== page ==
We’ve written several times that the Omnibus legislation includes Department of Energy spending that needlessly squanders money away on activities that should occur in the private market.
Of the $1.9 billion allocated for Energy Efficiency and Renewable Energy money will be a variety of wasteful projects:
- “Technology validation” and “market transformation” of hydrogen and fuel cells technologies. A good idea will be validated by its success in the market place, not by how much money government pours into an idea.
- $2 million for the clean burning, biomass cookstove development. Reducing indoor smoke in developing countries where many families still use cookstoves is a laudable goal but a number of clean cookstove technologies already exist.
- Offshore wind is one most expensive forms of energy in America but that isn’t stopping DOE from spending money on demonstration projects and technology development. If offshore wind is as promising as proponents say it is, it won’t need help from the taxpayer.
- Included in the $17.3 million for conventional hydropower, Congress is allocating $3.6 million for Section 242 of the Energy Policy Act of2005, a production handout for hydro that allows a facility to collect 1.8 cents per kilowatt hour (up to $750,000) for up to 10 ten years. It’s your wind production tax credit but for hydro.
- Money to “research the most promising Class 8 heavy-duty long-haul truck technologies, such as alternative fuel or dual-fuel technologies.” Here’s an industry that operates on razor thin margins and plans its driving routes down to the tenth of a mile and the government’s going to help them determine which fuel to use?
- $27.5 million for Advanced Manufacturing that conducts research to find energy and savings costs for America’s manufacturing, industrial and commercial bases. Manufacturers already know that energy is a significant input cost and will innovate to find ways to lower costs and gain a competitive advantage.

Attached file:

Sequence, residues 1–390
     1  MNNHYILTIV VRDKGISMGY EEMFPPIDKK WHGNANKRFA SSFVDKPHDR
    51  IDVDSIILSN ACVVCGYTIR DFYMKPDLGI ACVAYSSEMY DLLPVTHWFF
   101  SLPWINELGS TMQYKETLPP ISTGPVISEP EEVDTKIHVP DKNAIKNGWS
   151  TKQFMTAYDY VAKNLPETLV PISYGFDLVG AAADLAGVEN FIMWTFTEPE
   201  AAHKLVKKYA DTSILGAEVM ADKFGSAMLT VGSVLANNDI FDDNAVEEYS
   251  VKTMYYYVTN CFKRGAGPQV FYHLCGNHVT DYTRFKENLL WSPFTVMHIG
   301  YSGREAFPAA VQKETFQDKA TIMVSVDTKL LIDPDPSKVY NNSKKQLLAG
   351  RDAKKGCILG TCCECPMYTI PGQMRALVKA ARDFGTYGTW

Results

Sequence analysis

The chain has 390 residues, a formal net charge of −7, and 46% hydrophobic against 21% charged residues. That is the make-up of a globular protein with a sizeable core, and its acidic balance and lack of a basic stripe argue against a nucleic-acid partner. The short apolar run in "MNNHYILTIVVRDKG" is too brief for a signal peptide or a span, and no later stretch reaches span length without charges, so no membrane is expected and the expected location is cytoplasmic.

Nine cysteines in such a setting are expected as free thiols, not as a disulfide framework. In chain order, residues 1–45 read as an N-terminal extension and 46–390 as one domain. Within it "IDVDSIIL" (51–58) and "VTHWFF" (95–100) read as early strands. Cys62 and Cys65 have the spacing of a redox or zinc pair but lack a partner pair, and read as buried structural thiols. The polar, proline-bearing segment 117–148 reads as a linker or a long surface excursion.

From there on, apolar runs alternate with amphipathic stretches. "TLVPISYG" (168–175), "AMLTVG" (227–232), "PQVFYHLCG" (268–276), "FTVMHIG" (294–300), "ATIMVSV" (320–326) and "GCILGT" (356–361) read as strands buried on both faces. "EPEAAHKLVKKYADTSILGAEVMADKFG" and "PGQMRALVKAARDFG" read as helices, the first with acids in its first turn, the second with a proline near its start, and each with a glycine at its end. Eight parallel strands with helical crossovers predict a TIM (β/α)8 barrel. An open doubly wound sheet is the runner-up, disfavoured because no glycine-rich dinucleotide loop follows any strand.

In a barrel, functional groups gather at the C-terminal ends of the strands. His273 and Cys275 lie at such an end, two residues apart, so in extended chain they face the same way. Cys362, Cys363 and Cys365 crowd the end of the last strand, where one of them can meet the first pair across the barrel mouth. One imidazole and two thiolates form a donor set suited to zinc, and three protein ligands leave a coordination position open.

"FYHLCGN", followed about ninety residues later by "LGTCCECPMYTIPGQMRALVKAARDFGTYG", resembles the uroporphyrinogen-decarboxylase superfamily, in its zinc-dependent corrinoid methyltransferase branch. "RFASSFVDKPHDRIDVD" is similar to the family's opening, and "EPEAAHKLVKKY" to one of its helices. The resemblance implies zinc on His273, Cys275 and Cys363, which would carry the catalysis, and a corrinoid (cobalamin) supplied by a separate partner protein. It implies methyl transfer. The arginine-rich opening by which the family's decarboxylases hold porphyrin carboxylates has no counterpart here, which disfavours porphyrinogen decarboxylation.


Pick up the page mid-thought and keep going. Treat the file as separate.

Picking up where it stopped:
- $50 million for the State Energy Program, a competitive grant program for “the adoption of energy efficiency/renewable energy products and technologies.” Read: more handouts for politically preferred technologies.
- Over $100 million for advanced nuclear reactor concepts and light water reactor sustainability that researches how to extend the life of our nation’s current fleet of reactors. While new nuclear reactor technologies have great potential, commercialization must be shouldered by the private sector. Further, the private sector has tremendously increased the efficiency of our reactors on their own. No help from the feds needed.
- $392 million for carbon capture and sequestration technology (CCS). The Environmental Protection Agency’s regulation of greenhouse gas emissions on new and existing power plants is hinging on CCS. Even with taxpayer-funded financial handouts to CCS projects, building them will be prohibitively costly, which is why the EPA’s regulation of greenhouse gas emissions will effectively ban the construction of new coal-fired generating units. Even if CCS were affordable, it does not justify the EPA’s greenhouse gas regulation, since the EPA’s greenhouse gas regulations are intended to address a non-problem. CCS should be built only if companies believe it is in their economic interest to do so—for instance, if profitable opportunities for enhanced oil recovery exist nearby.
- $12.6 million for collaborative research on hydraulic fracturing to, in part, improve the economics and recoverability of shale oil and shale gas as well as $10 million for “activities to improve the economic viability, safety, and environmental responsibility of offshore exploration and production in challenging conditions, of exploration and production from unconventional natural gas and other petroleum resources, and of production by small producers.” President Obama’s line about oil subsidies is that “They’re doing just fine on their own” but he generally misidentifies which provisions are actually oil subsidies. These spending programs are blatant subsidies; there’s no reason taxpayer dollars should be spent trying to improve the economic viability of America’s oil and gas resources; the energy companies will handle that on their own.